I am remembering a day in 2008, in Addis, when I was up before sunrise and ‘working out’ with my little Magic Queen. 

Not exercising per se but outside working, doing the laundry.

I may have told you about my special Ethiopian washing machine called Magic Queen. She had two side-by-side tubs. I loaded the dirty clothes and soap into the large left side, then added water with a hose.

After I closed the lid and moved the dial to ‘wash,’ she would twist and shout.  

Actually only twist and swish.  

Twenty or so minutes later, I moved the knob to ‘drain’ and all the dirty soapy water exited the tub and piped into the garden. Then I refilled her again, with the hose, and set the dial on ‘rinse’. 

She twisted and swished again. I drained her into the garden again. And then I moved the clean, heavy, wet clothes to the smaller right side and set the dial on ‘spin.’ 

That girl could spin! She twirled and whirled those clothes so fast and hard, they were nearly dry when I got them out to pin onto the clothesline. 

It was a job I enjoyed, spending time with my little Magic Queen. 

The morning I am remembering was chilly. I had a stocking cap on my head and a fleece jacket over my pajamas as I bopped back and forth from our apartment to the shed where the Queen lived. 

I must have looked a bit wobbly, because the night guard hanging out by the shed, watching my back-and-forthing, said something to me in Amharic. 

Algabanyim,” I told him. “I don’t understand.” 

Then he said in English.  “Sleeping. You no finish.” 

 I smiled. “Ow. Yes. I did not finish sleeping.” 

–          –           –           –           –           –           –           –           –           –           –           

Today, this Sunday morning, I finished all my sleeping and woke up, fully refreshed and extremely content.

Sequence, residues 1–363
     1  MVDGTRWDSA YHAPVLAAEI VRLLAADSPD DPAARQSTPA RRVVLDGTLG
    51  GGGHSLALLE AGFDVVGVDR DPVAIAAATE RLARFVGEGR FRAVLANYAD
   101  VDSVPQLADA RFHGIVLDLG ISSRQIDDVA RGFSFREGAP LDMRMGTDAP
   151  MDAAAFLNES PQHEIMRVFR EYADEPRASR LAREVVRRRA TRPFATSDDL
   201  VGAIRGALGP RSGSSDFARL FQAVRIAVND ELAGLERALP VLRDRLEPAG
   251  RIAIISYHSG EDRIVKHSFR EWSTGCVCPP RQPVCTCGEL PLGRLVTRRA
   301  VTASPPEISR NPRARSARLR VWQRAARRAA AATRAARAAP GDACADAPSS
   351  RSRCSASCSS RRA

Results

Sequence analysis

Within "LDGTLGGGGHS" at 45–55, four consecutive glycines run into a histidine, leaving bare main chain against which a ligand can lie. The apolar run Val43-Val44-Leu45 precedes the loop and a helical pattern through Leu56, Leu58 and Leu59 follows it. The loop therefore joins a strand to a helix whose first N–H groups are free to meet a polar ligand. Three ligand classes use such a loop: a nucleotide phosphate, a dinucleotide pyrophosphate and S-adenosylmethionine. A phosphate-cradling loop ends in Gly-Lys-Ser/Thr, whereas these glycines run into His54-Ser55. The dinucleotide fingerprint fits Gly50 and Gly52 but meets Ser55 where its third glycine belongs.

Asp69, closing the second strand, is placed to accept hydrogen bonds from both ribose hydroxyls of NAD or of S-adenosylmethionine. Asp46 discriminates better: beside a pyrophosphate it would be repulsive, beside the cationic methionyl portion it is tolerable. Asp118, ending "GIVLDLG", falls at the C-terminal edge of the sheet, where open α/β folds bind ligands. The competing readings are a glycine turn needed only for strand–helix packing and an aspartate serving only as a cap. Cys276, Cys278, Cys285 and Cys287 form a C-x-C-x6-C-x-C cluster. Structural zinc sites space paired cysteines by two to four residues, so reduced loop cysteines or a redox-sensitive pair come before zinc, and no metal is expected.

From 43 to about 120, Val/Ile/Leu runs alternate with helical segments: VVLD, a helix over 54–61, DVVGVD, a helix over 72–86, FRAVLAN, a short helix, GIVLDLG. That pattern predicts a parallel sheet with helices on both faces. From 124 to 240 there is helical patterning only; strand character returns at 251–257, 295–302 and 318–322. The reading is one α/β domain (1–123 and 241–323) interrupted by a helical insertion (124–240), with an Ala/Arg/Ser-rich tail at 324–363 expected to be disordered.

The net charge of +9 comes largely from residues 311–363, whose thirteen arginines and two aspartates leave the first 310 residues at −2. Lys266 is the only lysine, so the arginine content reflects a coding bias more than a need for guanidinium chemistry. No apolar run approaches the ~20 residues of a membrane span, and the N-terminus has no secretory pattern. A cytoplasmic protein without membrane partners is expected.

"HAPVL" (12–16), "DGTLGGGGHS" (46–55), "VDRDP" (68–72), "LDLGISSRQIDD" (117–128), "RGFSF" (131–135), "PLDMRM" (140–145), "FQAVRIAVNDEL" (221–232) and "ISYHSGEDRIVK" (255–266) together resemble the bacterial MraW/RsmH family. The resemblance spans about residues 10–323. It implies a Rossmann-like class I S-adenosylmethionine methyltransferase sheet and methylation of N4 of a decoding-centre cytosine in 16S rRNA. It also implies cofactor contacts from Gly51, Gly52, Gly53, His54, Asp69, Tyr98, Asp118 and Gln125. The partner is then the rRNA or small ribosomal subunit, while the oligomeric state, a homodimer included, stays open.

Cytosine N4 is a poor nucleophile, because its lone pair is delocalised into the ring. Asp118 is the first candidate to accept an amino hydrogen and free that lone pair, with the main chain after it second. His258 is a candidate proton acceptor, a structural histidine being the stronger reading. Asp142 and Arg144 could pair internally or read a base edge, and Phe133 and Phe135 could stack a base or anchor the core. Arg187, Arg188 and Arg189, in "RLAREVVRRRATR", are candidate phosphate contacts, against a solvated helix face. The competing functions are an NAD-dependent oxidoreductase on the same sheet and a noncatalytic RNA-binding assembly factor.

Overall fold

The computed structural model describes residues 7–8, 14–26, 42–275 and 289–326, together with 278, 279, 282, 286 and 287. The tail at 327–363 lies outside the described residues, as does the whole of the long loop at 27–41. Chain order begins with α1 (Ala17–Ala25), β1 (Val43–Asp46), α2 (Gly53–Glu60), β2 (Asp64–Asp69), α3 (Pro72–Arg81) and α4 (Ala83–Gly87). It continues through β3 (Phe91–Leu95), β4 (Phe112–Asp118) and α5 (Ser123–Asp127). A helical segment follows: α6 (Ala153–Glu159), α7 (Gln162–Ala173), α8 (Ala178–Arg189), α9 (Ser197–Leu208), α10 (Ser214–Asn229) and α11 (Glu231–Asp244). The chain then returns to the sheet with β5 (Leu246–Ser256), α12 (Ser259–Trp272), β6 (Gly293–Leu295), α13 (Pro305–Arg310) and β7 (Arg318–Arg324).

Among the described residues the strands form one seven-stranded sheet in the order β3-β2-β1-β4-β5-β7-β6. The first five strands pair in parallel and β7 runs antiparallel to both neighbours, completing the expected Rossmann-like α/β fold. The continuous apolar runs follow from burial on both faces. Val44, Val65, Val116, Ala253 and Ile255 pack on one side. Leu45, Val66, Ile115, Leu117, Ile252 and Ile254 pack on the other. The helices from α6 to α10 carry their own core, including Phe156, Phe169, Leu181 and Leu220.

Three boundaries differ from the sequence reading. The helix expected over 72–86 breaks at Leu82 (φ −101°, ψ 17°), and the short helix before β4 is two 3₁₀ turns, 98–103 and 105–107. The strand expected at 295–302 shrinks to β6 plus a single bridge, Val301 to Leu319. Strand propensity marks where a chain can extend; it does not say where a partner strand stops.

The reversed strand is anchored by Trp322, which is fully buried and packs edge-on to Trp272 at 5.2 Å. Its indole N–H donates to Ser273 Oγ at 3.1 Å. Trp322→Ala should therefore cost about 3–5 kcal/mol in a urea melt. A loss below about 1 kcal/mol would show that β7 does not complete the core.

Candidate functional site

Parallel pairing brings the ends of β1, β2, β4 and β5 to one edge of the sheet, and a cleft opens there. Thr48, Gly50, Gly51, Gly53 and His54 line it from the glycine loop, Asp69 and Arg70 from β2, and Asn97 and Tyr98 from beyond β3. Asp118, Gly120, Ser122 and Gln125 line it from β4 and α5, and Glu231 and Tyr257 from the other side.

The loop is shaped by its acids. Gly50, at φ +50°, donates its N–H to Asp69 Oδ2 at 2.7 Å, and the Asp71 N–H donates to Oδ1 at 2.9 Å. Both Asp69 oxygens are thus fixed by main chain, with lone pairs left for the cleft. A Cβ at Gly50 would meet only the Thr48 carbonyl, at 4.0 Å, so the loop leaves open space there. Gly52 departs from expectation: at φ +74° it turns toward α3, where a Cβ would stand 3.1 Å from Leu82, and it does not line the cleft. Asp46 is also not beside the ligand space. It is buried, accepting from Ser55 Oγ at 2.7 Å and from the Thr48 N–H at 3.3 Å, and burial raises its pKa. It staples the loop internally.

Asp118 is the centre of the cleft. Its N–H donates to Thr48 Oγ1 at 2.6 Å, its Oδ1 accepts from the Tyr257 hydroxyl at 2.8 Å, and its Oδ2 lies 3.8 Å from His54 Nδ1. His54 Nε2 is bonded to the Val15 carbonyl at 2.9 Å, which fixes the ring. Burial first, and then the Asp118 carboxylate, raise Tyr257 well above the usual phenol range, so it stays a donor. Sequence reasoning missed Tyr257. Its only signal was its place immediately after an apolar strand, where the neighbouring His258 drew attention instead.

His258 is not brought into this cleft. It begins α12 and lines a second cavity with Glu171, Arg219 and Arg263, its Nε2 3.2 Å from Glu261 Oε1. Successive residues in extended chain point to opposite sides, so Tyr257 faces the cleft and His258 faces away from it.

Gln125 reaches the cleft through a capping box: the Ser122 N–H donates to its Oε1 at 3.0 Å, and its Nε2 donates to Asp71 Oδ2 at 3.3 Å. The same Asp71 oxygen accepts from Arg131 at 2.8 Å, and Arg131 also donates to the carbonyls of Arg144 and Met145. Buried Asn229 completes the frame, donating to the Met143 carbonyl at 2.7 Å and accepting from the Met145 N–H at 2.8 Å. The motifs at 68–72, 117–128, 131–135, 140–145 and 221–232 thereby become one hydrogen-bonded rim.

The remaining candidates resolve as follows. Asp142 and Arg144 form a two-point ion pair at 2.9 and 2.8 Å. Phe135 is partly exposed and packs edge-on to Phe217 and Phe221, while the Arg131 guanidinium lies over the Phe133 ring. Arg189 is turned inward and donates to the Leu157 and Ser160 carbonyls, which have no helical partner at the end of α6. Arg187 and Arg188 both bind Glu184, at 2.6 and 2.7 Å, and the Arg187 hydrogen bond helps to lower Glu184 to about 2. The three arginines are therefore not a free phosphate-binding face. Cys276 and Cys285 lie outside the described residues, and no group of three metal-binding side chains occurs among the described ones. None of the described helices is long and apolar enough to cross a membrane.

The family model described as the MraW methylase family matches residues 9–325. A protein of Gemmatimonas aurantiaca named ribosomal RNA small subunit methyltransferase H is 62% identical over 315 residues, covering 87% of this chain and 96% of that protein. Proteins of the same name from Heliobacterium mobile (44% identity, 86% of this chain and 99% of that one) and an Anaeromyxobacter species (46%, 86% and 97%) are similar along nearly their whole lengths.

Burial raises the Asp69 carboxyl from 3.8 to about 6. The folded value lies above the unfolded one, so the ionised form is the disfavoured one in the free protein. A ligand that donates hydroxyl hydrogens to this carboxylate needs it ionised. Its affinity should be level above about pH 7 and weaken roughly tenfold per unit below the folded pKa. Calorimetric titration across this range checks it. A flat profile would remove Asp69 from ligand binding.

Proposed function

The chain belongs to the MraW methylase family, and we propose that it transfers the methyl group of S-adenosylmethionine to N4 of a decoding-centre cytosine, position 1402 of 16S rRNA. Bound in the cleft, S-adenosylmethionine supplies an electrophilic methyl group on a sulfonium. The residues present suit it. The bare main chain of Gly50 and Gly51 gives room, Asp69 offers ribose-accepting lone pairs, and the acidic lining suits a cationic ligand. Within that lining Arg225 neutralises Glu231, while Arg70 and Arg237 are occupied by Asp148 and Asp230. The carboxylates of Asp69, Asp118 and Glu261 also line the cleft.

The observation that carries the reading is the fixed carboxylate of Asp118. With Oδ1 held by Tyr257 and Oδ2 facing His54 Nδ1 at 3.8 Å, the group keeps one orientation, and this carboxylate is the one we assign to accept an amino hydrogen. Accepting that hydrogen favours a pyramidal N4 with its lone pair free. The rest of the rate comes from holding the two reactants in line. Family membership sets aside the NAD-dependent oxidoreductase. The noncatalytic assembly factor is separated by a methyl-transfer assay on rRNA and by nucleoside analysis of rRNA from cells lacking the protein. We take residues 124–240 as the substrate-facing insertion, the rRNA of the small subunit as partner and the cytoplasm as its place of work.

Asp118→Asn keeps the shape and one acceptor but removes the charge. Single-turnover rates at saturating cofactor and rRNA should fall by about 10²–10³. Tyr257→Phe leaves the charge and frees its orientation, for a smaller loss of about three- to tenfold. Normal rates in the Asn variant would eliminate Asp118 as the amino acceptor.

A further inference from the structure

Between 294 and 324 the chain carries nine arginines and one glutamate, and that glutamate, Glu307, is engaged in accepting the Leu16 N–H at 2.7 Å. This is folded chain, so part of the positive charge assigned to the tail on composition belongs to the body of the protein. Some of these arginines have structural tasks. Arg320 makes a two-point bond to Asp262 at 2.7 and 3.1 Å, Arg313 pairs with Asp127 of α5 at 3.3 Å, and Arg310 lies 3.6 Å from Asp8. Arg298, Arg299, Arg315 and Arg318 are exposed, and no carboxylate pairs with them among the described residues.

What a God-gift is good sleep! 

And another huge God-gift:  old friends.

Did you know that having warm, intimate relationships is the single most important factor to a happy life? 

Not a surprise.

Yesterday Jake and I hiked four miles with dear friends who live over the mountain from us. 

We don’t get to be with them often, even though we four are the founding members of the AHC, the“Agreeable Hiking Club” – of which I am the president, since it was my idea.  

So we shuffled through thick loud leaves on an old logging road and we talked about our kids and podcasts and books and stories from our pasts. We pondered together about our tomorrows and the diminishing of dreams as we age. And we marveled together at the long views seen through the newly-barren trees.

And then – and then! – we went to their house where my friend served a simple, scrumdilliumptious dinner that I will remember for a long time.  

I felt honored at that table. Loved and encouraged.

According to Dr. Heather Holleman, professor of writing and communication at Penn State, these are the elements of true connection: 1. Unconditional positive regard. 2. Mutual concern. 3. Curiousity. 4. Sharing stories.*

That was an afternoon of true connection.

–           –           –           –           –           –           –           –           –           –           –          

This is Thanksgiving week in America, my favorite holiday.

On Thursday I plan to carry a pan of dressing, a bowl of broccoli, and a pecan pie over the mountain, back to that same table.

I look forward to another sweet time with them and her parents, with our daughter’s family, and some others . . . warm relationships all around. 

I thank God for wonderful things, like washing machines, and for great experiences, like good sleep and hiking. But I am especially grateful for His gift of connection: warm connections with family and friends, but Most of All, for connection with Jesus. 

 It is True. Deeply warm. And Forever.

Oh, I’m so grateful for Jesus, God’s greatest gift.

–           –           –           –           –           –           –           –           –           –           –

*from “Six Conversations: Pathways of Connecting Again in an Age of Isolation and Incivility.”  by Dr. Heather Holleman.

12 thoughts on “God-gifts

  1. Dear Sarah, I love what you share here. You have been on my mind this past week. I do so thank God for your friendship and pray we can meet again soon. Thank you for what you have shared about friendship here. I am so thankful for every friend God has given you and me. Miss you!


  2. Dear Sarah, I was late reading this new blog. I loved the story of your washing machine, and invisioning you bopping back and forth in your pjs. And I loved the connection list — sounds like a really needed book for our times. Thanks for your encouraging stories and pointing to God always. Love, Mary Elizabeth


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